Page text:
Though Houston remained a force well into the golden age of 90s R&B, her 80s output set a standard any artist would be envious of. Harbouring hits such as the floor-filling How Will I Know and soundtrack-worthy Greatest Love Of All, Houston’s US chart-topping self-titled debut album saw the singer start as she meant to go on, paving the way for the global smash of I Wanna Dance With Somebody (Who Loves Me), which racked up platinum sales around the world. As comfortable delivering anthemic disco hits as well as delicate ballads, Houston remains one of the greatest, most versatile vocalists of all time.

Must hear: I Wanna Dance With Somebody (Who Loves Me)

3: Madonna

Not just one of the best 80s female singers, Madonna is one of the most significant figures in pop-culture history. Scoring hit after hit throughout the decade – and creating some equally iconic music videos to match – her “Queen Of Pop” title is much-deserved, and remained in place as she continued to shape pop music throughout the 90s (the Ray Of Light album) and 2000s (Confessions On A Dance Floor). The best Madonna songs found her smashing boundaries – and records – at every turn, while her Blonde Ambition tour forced the music industry to rethink the very notion of what live shows could be. It’s 80s albums such as True Blue and the game-changing Like A Prayer, however, which first saw her usurp all pretenders. She still wears the crown today.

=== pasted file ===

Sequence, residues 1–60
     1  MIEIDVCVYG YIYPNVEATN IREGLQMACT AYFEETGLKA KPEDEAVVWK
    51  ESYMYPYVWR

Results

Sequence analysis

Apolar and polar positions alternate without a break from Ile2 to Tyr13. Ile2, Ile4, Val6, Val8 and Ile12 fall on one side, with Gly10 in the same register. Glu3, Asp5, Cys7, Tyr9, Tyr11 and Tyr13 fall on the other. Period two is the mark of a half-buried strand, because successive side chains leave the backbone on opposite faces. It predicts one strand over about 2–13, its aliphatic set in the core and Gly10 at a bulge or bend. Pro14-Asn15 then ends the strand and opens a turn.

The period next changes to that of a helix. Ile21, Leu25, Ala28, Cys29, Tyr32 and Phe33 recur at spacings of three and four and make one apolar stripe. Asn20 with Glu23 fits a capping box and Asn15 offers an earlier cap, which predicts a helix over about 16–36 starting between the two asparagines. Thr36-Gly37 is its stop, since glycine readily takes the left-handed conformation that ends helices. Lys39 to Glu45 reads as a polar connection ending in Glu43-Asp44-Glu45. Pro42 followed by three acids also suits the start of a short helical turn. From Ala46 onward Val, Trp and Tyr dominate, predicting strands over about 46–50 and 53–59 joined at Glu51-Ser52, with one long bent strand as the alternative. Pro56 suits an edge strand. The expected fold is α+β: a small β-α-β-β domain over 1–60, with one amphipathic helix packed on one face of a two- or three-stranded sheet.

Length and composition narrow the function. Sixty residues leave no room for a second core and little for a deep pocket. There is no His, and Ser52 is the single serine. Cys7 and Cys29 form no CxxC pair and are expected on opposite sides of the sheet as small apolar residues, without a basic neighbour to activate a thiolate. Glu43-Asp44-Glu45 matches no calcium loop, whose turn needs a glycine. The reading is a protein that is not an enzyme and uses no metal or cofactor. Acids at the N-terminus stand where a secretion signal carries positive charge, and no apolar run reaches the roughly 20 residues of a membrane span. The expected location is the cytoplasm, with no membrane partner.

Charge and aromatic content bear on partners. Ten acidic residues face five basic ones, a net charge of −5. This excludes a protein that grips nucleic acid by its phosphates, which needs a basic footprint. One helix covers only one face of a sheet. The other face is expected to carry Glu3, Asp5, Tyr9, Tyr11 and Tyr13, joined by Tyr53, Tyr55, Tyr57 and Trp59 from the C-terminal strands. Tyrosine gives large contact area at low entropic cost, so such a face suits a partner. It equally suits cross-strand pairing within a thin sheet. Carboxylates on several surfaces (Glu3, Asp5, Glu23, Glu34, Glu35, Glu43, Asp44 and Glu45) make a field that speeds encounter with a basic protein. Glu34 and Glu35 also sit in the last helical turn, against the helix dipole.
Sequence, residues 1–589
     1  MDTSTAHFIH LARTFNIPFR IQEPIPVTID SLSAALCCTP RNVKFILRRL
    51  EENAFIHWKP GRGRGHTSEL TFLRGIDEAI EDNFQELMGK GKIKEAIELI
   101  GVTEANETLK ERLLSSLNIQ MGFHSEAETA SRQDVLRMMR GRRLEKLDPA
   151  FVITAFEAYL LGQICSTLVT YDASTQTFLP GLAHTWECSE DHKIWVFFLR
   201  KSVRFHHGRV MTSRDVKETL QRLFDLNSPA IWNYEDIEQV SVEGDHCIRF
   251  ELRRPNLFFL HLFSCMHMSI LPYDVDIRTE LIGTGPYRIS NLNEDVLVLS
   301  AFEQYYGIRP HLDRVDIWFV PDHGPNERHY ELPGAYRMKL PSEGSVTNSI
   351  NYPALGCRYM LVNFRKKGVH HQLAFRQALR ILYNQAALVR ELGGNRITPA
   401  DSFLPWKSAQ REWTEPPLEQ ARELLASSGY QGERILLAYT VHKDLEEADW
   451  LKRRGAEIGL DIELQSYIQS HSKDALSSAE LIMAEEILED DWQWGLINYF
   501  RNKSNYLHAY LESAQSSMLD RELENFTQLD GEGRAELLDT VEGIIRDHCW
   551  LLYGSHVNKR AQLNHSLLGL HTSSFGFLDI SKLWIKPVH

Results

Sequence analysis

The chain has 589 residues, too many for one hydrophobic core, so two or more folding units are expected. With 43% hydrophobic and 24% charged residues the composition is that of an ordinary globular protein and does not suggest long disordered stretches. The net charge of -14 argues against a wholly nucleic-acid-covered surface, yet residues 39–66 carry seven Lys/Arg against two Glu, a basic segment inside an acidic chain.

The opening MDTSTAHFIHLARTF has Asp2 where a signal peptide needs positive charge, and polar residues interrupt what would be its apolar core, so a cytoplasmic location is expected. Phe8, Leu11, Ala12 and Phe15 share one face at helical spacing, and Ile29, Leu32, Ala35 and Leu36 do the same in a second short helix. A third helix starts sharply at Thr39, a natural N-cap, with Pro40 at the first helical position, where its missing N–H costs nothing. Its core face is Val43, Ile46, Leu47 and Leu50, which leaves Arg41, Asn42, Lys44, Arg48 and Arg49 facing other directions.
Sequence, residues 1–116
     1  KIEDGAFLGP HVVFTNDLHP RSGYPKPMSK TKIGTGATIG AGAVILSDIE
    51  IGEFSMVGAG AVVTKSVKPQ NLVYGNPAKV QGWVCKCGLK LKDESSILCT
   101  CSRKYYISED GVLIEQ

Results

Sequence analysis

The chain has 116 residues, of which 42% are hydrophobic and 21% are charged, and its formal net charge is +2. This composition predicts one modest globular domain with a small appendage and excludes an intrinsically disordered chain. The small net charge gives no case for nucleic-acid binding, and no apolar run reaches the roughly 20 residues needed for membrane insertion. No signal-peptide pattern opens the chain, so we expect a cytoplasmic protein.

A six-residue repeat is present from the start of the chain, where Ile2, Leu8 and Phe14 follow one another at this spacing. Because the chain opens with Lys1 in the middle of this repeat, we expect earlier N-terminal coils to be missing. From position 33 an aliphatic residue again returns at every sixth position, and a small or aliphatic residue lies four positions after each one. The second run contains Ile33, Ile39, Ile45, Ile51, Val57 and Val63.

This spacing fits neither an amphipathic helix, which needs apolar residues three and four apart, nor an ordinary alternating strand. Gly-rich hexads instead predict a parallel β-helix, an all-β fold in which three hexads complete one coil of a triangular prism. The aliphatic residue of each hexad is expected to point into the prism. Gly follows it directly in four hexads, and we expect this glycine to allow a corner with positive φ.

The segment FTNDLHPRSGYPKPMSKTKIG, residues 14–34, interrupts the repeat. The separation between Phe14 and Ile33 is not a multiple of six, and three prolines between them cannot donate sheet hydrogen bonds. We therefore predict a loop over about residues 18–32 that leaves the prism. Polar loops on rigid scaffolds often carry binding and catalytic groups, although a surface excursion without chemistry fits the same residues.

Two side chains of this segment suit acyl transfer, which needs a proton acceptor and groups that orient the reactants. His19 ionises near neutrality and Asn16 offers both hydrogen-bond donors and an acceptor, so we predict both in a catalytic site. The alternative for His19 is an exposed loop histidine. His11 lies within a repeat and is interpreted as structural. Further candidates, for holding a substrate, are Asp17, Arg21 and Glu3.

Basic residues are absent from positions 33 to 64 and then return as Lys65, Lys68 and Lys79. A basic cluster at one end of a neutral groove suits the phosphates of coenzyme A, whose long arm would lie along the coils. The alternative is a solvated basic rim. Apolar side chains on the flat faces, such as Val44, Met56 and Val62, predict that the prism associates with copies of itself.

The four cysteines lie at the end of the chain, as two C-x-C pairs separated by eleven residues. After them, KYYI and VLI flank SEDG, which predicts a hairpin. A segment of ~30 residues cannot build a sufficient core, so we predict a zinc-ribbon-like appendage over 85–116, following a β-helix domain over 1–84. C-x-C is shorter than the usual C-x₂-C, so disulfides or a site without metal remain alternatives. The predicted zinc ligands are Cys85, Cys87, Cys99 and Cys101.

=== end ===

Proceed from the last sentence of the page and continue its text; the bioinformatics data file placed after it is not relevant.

Must hear: Like A Prayer

2: Kate Bush

Following the smash success of Wuthering Heights – and its parent album, The Kick Inside – in 1978, a teenaged Kate Bush entered the 80s as one of the most talked-about young artists in years. Testing the boundaries of both technology and songwriting, the best Kate Bush songs remain timeless works that continue to enthral new generations of fans. If the Hounds Of Love album offered some of her most critically acclaimed music, 2011’s Director’s Cut showed that Bush herself could revisit her old material and still find new things to say with it.

Must hear: Running Up That Hill

1: Tina Turner

Topping our list of the best 80s female singers, Tina Turner delivered some of the decade’s biggest hits while also becoming one of the most-revered live performers on the planet. Having risen to prominence as part of the Ike And Tina Turner Revue in the 60s and 70s, she broke away from her abusive husband to forge an unstoppable career of her own. Kickstarting it with her sultry take on Al Green’s Let’s Stay Together in 1983, Turner went on to wear the crown as “Queen Of Rock’n’Roll”, thanks to iconic albums such as Private Dancer and Foreign Affair, and hits such as the anthemic What’s Love Got To Do With It and The Best. With her musical DNA evident in everyone from Beyoncé to Norwegian DJ Kygo, Turner’s legacy is as insurmountable as it is influential.

Must hear: The Best